NuPower Renewables: A Rs 210 Crore Firm Cost ICICI Bank Shareholders Rs 27,000 Crore
ICICI Bank Ltd.’s shareholder wealth has eroded by nearly 12 percent, or Rs 27,000 crore, since the middle of March. The reason: allegations of nepotism surrounding loans worth over Rs 3,250 crore given to the Videocon Group in 2012, which have since been classified as a non-performing asset.
The allegations stem from a whistleblower blog that questions investments made by Videocon Group Founder Venugopal Dhoot in NuPower Renewables Pvt., a company founded by Deepak Kochhar, the husband of ICICI Bank’s Managing Director and Chief Executive Officer Chanda Kochhar.
While the bank’s board and Chairman MK Sharma last week denied the allegations vigorously, the ICICI Bank stock has lost over 12 percent since the controversy first grabbed headlines.
Dhoot also denied all allegations of impropriety in the loans received by his company. There was no quid pro quo from ICICI Bank to Videocon, he said to newswire agency PTI. NuPower and Deepak Kochhar have made no comment so far but are being investigated by the Central Bureau of Investigation and are also under scrutiny of the Income Tax Department.
What is NuPower?
Incorporated on Dec. 24, 2008, the renewable energy company has nearly 700 megawatt in wind power generation capacity, current and under production, across six states, as per its website. But, according to data available from its filings with the Registrar of Companies and documents available on the Ministry of Corporate Affairs website, it has just under 180 MW of power projects.
Deepak Kochhar served as the first director on the board of the company. He was then appointed managing director for five years starting April 1, 2012, but resigned on April 1, 2016, and continued as a director on the board, according to the filings.
Along with Kochhar, Dhoot and Saurabh Dhoot were also appointed among the first directors of the company but resigned on Jan. 15, 2009. In their place, Karunchandra Adityaprasad Srivastava and Mahesh Chandra Punglia were appointed as directors on the board, as per filings.
The company was incorporated with Rs 5 lakh as capital, according to its filings.
- In early January 2009, it issued 19.97 lakh warrants which were converted into equity shares in March 2012.
- The company issued cumulative convertible preference shares six times starting Dec. 31, 2010—these 39.77 lakh CCPS were converted into 32.45 lakh shares on Jan. 18, 2017.
- In March 2016, it also converted 71 lakh fully convertible debentures worth Rs 71 crore into 6.08 lakh equity shares in favour of Deepak Kochhar and Supreme Energy, a promoter entity that holds stake in NuPower. The filings don’t provide clarity on when these FCDs were originally issued.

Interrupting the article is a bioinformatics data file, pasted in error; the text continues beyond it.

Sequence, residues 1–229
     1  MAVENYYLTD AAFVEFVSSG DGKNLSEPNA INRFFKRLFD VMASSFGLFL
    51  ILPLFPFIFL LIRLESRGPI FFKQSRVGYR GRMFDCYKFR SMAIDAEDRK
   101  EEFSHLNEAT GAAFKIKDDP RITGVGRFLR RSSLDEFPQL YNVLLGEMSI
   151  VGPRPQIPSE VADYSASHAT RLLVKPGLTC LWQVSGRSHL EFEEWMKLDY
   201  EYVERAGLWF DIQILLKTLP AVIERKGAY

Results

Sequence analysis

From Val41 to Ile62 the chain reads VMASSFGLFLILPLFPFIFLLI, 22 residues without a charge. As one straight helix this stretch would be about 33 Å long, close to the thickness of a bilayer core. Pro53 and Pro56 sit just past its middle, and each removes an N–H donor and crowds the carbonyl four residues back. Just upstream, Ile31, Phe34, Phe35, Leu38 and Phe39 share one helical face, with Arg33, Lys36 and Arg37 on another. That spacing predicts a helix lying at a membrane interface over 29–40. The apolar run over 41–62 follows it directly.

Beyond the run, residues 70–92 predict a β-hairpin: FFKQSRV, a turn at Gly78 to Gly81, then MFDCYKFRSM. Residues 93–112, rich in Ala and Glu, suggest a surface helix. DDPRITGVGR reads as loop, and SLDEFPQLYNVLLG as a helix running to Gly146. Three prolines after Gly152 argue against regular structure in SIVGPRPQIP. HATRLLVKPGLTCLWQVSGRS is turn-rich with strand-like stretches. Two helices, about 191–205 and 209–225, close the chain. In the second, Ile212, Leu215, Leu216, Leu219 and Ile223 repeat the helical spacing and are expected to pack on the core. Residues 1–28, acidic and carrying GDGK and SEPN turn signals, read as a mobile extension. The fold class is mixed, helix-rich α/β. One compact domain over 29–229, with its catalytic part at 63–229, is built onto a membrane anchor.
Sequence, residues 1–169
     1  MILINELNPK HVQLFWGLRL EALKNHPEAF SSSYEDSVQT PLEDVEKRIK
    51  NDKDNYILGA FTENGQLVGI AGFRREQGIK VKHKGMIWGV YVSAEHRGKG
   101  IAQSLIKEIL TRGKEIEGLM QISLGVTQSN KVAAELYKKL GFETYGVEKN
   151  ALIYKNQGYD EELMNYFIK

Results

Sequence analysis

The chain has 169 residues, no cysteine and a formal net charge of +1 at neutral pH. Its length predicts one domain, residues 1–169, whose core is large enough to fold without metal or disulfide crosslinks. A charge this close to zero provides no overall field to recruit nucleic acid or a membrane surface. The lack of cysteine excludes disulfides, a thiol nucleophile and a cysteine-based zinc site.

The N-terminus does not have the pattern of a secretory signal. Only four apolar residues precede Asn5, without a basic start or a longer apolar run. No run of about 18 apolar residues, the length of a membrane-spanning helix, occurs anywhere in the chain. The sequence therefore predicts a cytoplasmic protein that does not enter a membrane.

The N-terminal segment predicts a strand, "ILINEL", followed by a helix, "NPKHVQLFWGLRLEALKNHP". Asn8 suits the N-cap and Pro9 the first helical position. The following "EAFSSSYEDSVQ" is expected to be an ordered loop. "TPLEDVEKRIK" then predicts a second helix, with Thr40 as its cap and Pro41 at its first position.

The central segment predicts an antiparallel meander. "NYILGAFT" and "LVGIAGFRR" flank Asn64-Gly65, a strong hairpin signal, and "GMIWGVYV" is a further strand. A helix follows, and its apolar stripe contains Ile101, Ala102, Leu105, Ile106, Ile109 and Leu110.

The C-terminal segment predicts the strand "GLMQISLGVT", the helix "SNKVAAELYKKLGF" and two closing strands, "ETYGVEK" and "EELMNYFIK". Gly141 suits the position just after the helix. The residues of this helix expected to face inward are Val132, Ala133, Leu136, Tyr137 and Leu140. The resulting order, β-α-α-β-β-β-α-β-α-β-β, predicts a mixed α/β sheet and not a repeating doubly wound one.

NuPower operates via two main subsidiaries — Echanda Urja Private Ltd. and NuPower Wind Farms Ltd. — with a current cumulative operational capacity of 176 MW across Tamil Nadu, Karnataka, Rajasthan, Maharashtra, Andhra Pradesh and Madhya Pradesh. It owns 70.95 percent in Echanda Urja and 73.28 percent in NuPower Wind Farms.
On a consolidated basis, NuPower’s revenue for the last available financial year 2016-17 stood at Rs 210.28 crore. That year it recorded a loss of Rs 7.31 crore, a substantial improvement on a year-on-year basis. Both its subsidiaries ended the year through March 2017 with negative reserves, as per the filings.
NuPower’s long-term consolidated borrowings stood at Rs 822.9 crore as of March 2017, while short-term borrowings totalled Rs 15 crore. Axis Bank is its largest lender with a loan of Rs 389 crore extended to Echanda for a 100.5 MW wind power project in Tamil Nadu, as per the annual report filed with the Registrar of Companies.
On a standalone basis, the total secured and unsecured (NCDs) debt at the end of financial year ended March 2017 stood at Rs 279.5 crore, according to its filings. These funds were further invested in the subsidiaries via preference shares worth Rs 253 crore.
NuPower’s equity was valued at Rs 685.2 crore at the end of March 2017, giving the company an enterprise value of Rs 1,508 crore, according to data compiled by BloombergQuint.
A valuation report of Dec. 23, 2016 by accounting firm Price Waterhouse valued the company’s shares at Rs 1,161 apiece. This was undertaken after Mauritius-based private equity player DH Renewable Holdings Ltd. opted to convert its 0.1 percent compulsorily convertible preference shares into equity shares.
DH Renewable converted two tranches of CCPS, the first at a pre-agreed price of Rs 2,000 apiece and the second at Rs 1,161 apiece in March 2017. In total, it converted 39.77 lakh CCPS into 32.45 lakh equity shares, bringing in Rs 397.71 crore and acquiring control with a 54.99 percent shareholding in the company. The private equity firm nominated Lee Chin Wee as its director on NuPower’s board. Wee is also the managing director of Singapore-based investor CO2 Capital Pte Ltd.
Emailed queries to Sin Wee and Deepak Kochhar seeking confirmation remained unanswered.
The CCPS conversion shored up NuPower’s reserves. Interestingly, barely a month after the conversion, in February 2017, the company decided on a buyback of shares to offer a partial exit to shareholders.
The board approved to repurchase 8.87 lakh shares, or about 15.03 percent of its paid-up equity, at Rs 1,161 apiece—the valuation arrived at by PW for the CCPS conversion.
The buyback cost the company 24.97 percent of its share capital and reserves. Promoters indicated they wouldn’t participate and the offer would have provided an exit to DH Renewable. It is not clear whether the buyback was implemented.
Emailed queries to Deepak Kochhar seeking details of the buyback remained unanswered.